Hans Kraus

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Hans Kraus (November 28, 1905 in Austria-Hungary to March 6, 1996 in New York City) – physician, physical therapist, mountaineer, and alpinist[1] – was a pioneer of modern rock climbing, as well as being one of the fathers of sports medicine and physical medicine and rehabilitation. Kraus was elected to the U.S. National Ski Hall of Fame in 1974.

Career[edit]

Born in the future nation of Italy, then a part of the 1867–1918 Austro-Hungarian Empire, Kraus attended medical school in Vienna in the 1920s, against his father's wishes, becoming an orthopedic surgeon. Through his subsequent practice he developed a philosophy of treatment at odds with traditional medicine of the time. He would evolve this method, called "immediate mobilization", over his entire medical career. Passing his medical exams in New York, Kraus continued developing unique methods of fracture treatment, applying them to all kinds of athletes. He became especially well known in skiing circles.[citation needed]

In the 1950s, Kraus was behind a push by the Appalachian Mountain Club to regulate climbing in the Shawangunks, and to install a safety code to prevent climbing accidents. This safety code led to conflicts with Lester Germer and The Vulgarians, and was later abandoned.[citation needed]

Kraus warned Americans that children were not getting enough exercise and were watching too much television. Along with Bonnie Prudden, he campaigned for better physical exercise programs for children, and authored several books on exercise, sports medicine, and physical therapy. Eisenhower championed Kraus and his campaign to get Americans to exercise. However, by 1957, it was clear that Kraus was unsuccessful. Kraus was broadly opposed by the AMA and gym teachers (who felt Kraus was disparaging to their leadership) and many Americans, as Sports Illustrated reported in 1957, who worried that mandatory exercise programs for children would "Hitlerize American youth."[2][3]

Kraus also continued to develop a unique approach to treating back pain in collaboration with another doctor, Sonja Weber. They developed an understanding of the underlying causes of back pain and devised the Kraus–Weber test (also called K–W test) and exercises to alleviate it.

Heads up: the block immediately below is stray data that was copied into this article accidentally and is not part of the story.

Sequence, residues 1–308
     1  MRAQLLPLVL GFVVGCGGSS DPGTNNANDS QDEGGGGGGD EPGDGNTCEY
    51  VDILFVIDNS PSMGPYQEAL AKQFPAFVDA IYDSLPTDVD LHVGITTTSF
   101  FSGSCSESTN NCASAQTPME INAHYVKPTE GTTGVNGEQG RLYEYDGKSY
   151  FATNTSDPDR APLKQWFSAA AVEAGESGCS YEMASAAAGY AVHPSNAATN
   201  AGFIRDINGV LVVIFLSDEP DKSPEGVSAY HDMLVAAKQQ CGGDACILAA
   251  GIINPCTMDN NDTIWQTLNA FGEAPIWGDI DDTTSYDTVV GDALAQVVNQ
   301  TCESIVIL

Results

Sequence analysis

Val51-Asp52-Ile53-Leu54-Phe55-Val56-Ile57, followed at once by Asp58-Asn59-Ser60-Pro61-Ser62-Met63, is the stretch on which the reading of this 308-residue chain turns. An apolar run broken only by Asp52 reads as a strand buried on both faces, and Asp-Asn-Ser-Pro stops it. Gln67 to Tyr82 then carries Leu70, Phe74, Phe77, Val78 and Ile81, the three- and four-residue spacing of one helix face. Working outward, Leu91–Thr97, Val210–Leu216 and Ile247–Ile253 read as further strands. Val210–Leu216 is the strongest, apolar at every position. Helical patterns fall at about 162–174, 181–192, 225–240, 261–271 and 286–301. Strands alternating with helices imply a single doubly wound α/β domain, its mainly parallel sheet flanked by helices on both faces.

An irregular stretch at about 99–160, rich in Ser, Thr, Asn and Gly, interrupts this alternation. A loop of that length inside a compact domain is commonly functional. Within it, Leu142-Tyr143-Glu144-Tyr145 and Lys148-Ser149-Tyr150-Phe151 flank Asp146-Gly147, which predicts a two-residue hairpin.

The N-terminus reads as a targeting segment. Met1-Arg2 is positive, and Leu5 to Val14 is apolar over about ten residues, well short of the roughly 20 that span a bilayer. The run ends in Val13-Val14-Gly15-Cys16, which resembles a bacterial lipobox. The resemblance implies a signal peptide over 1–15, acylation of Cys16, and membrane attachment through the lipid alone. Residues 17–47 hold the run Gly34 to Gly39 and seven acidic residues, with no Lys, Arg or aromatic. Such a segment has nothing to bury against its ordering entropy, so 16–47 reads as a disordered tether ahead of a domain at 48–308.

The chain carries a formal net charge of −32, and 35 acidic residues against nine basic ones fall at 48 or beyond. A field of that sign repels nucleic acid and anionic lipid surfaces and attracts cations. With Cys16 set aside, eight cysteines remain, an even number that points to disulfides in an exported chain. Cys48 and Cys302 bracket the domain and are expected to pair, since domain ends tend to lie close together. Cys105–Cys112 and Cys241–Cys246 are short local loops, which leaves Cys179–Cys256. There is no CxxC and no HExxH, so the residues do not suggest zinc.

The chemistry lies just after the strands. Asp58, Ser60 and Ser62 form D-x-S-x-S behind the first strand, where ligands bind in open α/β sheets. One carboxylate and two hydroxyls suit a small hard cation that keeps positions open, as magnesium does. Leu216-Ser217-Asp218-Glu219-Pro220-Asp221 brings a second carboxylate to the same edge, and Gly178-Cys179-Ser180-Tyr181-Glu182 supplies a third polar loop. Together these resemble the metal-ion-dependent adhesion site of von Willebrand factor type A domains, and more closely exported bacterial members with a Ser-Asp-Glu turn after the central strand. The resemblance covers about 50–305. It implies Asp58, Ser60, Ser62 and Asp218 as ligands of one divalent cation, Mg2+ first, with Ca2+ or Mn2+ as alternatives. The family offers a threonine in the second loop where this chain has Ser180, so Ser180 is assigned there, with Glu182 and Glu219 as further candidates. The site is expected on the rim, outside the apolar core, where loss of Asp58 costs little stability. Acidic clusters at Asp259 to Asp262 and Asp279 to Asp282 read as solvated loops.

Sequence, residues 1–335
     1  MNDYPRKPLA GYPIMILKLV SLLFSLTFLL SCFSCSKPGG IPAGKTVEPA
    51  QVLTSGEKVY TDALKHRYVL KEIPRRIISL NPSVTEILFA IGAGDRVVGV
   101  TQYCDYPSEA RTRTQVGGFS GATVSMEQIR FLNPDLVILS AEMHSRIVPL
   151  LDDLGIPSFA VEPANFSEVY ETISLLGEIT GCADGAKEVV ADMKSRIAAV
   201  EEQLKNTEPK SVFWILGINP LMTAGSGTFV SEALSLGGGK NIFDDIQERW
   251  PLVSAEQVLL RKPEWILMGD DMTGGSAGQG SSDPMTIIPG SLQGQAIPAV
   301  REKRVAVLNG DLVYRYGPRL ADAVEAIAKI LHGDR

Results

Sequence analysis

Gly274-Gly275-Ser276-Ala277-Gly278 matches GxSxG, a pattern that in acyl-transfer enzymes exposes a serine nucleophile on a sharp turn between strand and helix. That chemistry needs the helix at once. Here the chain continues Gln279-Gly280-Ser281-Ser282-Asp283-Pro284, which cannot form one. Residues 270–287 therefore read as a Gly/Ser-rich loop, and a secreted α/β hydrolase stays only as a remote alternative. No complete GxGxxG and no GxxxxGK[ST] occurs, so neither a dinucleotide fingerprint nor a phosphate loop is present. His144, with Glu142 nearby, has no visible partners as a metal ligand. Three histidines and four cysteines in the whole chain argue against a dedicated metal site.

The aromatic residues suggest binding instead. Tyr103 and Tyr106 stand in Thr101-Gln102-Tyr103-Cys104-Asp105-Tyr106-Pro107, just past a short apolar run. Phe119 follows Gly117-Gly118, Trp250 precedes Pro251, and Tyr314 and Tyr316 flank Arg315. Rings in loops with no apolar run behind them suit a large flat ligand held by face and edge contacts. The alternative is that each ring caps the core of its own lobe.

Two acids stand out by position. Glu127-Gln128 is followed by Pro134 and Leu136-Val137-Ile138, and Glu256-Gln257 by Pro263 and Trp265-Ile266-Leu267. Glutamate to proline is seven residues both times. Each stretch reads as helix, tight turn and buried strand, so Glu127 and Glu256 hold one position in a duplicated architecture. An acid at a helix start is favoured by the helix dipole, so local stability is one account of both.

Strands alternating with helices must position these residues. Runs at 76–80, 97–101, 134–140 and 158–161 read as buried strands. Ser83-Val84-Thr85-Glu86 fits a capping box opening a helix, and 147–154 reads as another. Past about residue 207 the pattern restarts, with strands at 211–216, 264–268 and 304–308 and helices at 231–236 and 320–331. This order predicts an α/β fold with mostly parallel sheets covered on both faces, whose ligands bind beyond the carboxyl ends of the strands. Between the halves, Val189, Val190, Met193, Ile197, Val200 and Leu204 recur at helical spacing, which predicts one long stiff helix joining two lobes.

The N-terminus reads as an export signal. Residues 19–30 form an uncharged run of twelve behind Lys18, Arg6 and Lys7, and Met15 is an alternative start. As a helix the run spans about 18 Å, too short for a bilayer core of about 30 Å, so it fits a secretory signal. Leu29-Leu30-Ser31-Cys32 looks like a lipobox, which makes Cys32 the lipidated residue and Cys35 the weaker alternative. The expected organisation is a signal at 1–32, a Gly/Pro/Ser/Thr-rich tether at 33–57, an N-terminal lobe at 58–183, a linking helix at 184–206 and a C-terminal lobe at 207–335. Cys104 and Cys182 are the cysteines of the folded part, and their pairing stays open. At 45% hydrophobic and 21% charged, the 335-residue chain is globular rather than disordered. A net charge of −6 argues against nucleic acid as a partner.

Kraus was an Associate Professor at the State University of New York Downstate Medical Center College of Medicine. His studies on children led to President Dwight D. Eisenhower establishing the President's Council on Physical Fitness and Sports. In October 1961, Kraus became President Kennedy’s secret White House back doctor.[4] The story of Kennedy’s back had never prior been reported, although there was much speculation; but Kraus and Kennedy’s two other White House doctors had sworn confidentiality.[citation needed] In April 2006, over ten years after Kraus’s death, Kraus’s widow donated Kraus’s White House medical records on Kennedy to the Kennedy Library. They are now available to historians as well as the general public.[1] Additionally, some of author Susan E.B. Schwartz’s book interview tapes of Hans Kraus are also archived in the Kennedy Library and available for research.

Kraus’s medical records show that by the time of Kennedy’s death in Dallas, Kraus's therapy had nearly cured Kennedy of his lifelong back pain.[5] Kraus’s White House medical records also contain several entries about Kennedy’s back corset, which he had worn since Harvard. Kraus recorded that he had grown convinced that the corset was impeding Kennedy’s recovery and that Kennedy needed to permanently stop wearing it. In October 1963, Kennedy told Kraus that he would stop wearing his corset indefinitely starting in January 1964. Several leading presidential historians, including James Reston and Robert Dallek, have theorized that Kennedy might have survived Dallas had he not been wearing his corset.[6][7]

He has also treated other celebrities, including Arthur Godfrey and Katharine Hepburn.

Kraus maintained a multi-tiered, elastic billing system; for climbers and people he knew personally, or anyone who he thought would have trouble paying, he charged nothing; he charged partial payment for middle class patients, and regular rates for wealthy patients and celebrities.

Climbing[edit]

As a young man Kraus fell in love with the mountains, spending as much time as possible hiking and climbing. In his teenage years, Hans learned to climb in the Dolomites. Among his friends and climbing partners were Emilio Comici and Gino Soldà. He would later bring the Dolomite techniques of high-angle face climbing to the United States